“I can see now the opportunities that this leap opened up for me – during my time in the USA, including a second postdoc at the National Institutes of Health, I was exposed to new techniques and science on a different scale and speed to what I had known in Sydney.

“I met so many great people from all around the world, who I am still in contact with today, which is one of the best parts of science,” she said.

Professor Ryan got involved with SAGE as she thinks it has real potential to change the current system.

Ingrained bias

“Bias against women is ingrained in our society, in our workplaces, our schools and our higher education institutions.

“We need disruptive systemic change so that women and girls feel safe, feel included and feel that they can contribute fully to whatever it is they desire to do,” she said.

SAGE is important to her and the University of Sydney.

“We are not setting ourselves up for success if there is a lack of diversity, and that comes in many forms, not just gender.

“There is a lot of evidence that diverse teams are more innovative and more successful – when you have a group where everyone looks the same, the group will start to act the same and become lazy.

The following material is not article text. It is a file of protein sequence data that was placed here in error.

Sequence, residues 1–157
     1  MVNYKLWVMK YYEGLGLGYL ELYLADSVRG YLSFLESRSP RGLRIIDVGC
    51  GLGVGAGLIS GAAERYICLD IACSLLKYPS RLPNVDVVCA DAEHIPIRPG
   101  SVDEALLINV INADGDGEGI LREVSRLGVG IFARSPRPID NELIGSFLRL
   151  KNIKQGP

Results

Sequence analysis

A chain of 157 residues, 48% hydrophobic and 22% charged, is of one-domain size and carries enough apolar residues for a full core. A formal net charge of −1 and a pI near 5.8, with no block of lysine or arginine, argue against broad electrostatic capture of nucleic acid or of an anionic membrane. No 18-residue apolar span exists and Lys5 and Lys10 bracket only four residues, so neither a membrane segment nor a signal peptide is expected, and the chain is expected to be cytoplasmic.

“Visible diversity triggers better and more respectful communication – and we need more of it.”

Focusing on collaboration

A positive aspect of the SAGE program that Professor Ryan loves is the major focus on collaboration.

“I am really proud that we are participating in the SAGE Pilot at the University of Sydney and how well we are working with different groups across the University, as well as the career development opportunities that are arising from this.

“The current system in academia is flawed. The way we evaluate merit and success, and the values we promote, can be problematic.

“We need to reward excellence in research and teaching but also in collaboration, team leadership, mentoring, collegiality and positive impact.

“These issues are sector-wide and not simple to fix, but I believe national programs like SAGE and the work being done to address the culture within the University of Sydney will lead to change that will benefit everyone,” Professor Ryan said.